|

Wenger losing touch with reality

by Christopher Davies

“Imagine the worst situation, we lose Fabregas and Nasri — you cannot convince people you are ambitious after that.”

- Arsene Wenger, July 2011

“You cannot be considered a big club if your best players leave because a big club holds onto its big players and gives a message to other big clubs they cannot come in and take them from you.” -Arsene Wenger, July 2011

Cesc Fabregas joins Barcelona — Aug. 15, 2011.

Samir Nasri on verge of signing for Manchester City — Aug. 19 2011.

THE BANNERS used to read “In Arsene we trust” but the growing frustration and disenchantment of Arsenal fans with Arsene Wenger is gather momentum.

Supporters cannot understand why the manager is so reluctant to buy at least one commanding central defender, an experienced midfield playmaker, and a striker to ease the burden on new captain Robin van Persie.

It used to be a few dissidents but the number is now significant.

Wenger says his scouts are looking for the right players and he won’t pay over the odds for any new recruits. In Wenger’s fantasy world he wants Arsenal to win the Premier League playing beautiful football, every goal a candidate for Goal of the Month with minimal investment in the transfer market.

Ideal but unrealistic.

Wenger would rather produce his players through the youth system or find nuggets elsewhere and turn them into superstars than splash the Arsenal cash.

Manchester City paid £38 million to Atletico Madrid for Sergio Aguero but Diego Maradona’s son-in-law is a class act. His two-goal debut against Swansea underlined this, and if £38 million is what it takes to buy a striker who has virtually guaranteed goals throughout his career, then so be it.

Arsenal bought Gervinho from Lille for £10.5 million. The Ivorian has promise, but you get what you pay for.

The Frenchman refuses to pay over the odds for players, but Arsenal doesn’t mind selling at inflated prices — £25 million for Samir Nasri, who has one year left on his contract, is pretty good business for the Gunners.

Wenger has become such a legend during his 15 years at Arsenal that, like Sir Alex Ferguson at Manchester United, it is almost impossible to think of a credible successor.

Arsenal fans would prefer their manager to change rather than the club change managers, but a seventh consecutive season without a trophy will make the pressure on the Frenchman unbearable.

Former United fullback turned TV pundit Gary Neville supported Wenger and warned: “Be careful what you wish for”and it is easier to say “Wenger out” than name a realistic successor.

But Arsenal fans are baffled why other title contenders have been busy strengthening their squads this summer, while the Gunners have signed fullback Carl Jenkinson from Charlton, Southampton winger Alex Chamberlain and Gervinho.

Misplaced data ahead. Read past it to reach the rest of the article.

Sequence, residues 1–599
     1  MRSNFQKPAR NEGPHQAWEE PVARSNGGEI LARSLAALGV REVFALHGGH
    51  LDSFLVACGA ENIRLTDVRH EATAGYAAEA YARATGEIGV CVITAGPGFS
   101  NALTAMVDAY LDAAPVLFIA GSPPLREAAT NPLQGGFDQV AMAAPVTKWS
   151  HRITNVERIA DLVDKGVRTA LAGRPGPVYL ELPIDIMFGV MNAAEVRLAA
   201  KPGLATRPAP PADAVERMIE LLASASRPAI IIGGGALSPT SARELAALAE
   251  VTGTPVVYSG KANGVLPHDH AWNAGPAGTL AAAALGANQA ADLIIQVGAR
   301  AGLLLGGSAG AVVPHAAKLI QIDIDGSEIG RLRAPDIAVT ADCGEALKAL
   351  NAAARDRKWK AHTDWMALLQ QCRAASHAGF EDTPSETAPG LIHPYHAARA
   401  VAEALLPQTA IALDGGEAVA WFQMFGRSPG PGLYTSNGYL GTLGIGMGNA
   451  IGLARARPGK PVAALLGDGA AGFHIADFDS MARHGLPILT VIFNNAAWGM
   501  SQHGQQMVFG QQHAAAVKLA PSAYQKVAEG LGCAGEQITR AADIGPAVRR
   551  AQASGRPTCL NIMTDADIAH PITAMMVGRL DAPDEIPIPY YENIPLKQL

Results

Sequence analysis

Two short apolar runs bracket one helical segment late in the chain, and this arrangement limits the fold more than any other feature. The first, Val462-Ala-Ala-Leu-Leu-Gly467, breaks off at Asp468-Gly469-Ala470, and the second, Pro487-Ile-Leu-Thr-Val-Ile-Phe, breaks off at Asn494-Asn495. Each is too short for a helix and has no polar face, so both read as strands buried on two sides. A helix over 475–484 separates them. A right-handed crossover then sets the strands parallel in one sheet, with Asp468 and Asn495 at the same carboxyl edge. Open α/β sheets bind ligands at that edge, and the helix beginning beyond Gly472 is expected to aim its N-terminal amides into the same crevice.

There is no sign of the type of players Arsenal really needs.

The transfer window clock is ticking and last month’s quotes about being a big club . . . an ambitious club . . . will come back to haunt Wenger if Arsenal’s obvious needs are not redressed.

Arsenal takes a slender 1-0 ead to Italy on Wednesday for the second leg of the Champions League qualifier against Udinese, a result made possible largely by the brilliance of goalkeeper Wojciech Szczesny. If Arsenal is dumped into the Europa League, it may as well organize its end of season party for next Thursday.


A LIST OF PLAYERS Tottenham fans would not want Harry Redknapp to sign would undoubtedly include Emmanuel Adebayor.

Redknapp obviously does not take popularity — or rather, unpopularity — into consideration when assessing whether to sign a player because the striker is set to join Spurs on loan from Manchester City.

There are a number of reasons why Adebayor’s appreciation society at White Hart Lane would be able to meet in a telephone booth. For starters, he used to play for Arsenal, where even the Gunners’ fans were glad to see the Togo international sign for City.

Adebayor is an erratic talent, at his best very hard to stop but at his worst he appears lazy and disinterested, unforgivable in the eyes of fans who expect a sweat-stained shirt from today’s Premier League millionaires.

He would also be earning twice as much as the best paid player at Tottenham, which is guaranteed to breed locker-room resentment from those who have served Spurs well over the years.

Adebayor’s City contract is worth £170,000 a week, with the Manchester club still paying half his eye-watering salary.

I find it astonishing that the Premier League allows another club to pay half the wages of a rival club’s player — if a club wants a player on loan it should pay all his salary.

When Real Madrid played Tottenham in the Champions League last season, Adebayor, who was on loan to the Spanish club, was verbally abused by the traveling Spurs fans.

Adebayor can expect the coolest of welcomes by the White Hart Lane faithful when Hearts travel to north London for Thursday’s Europa League second leg game.

They just about tolerate former Gunner William Gallas but the French defender does not have the image problems of Adebayor. But then few do.

Christopher Davies was a longtime Premier League correspondent for the London Daily Telegraph.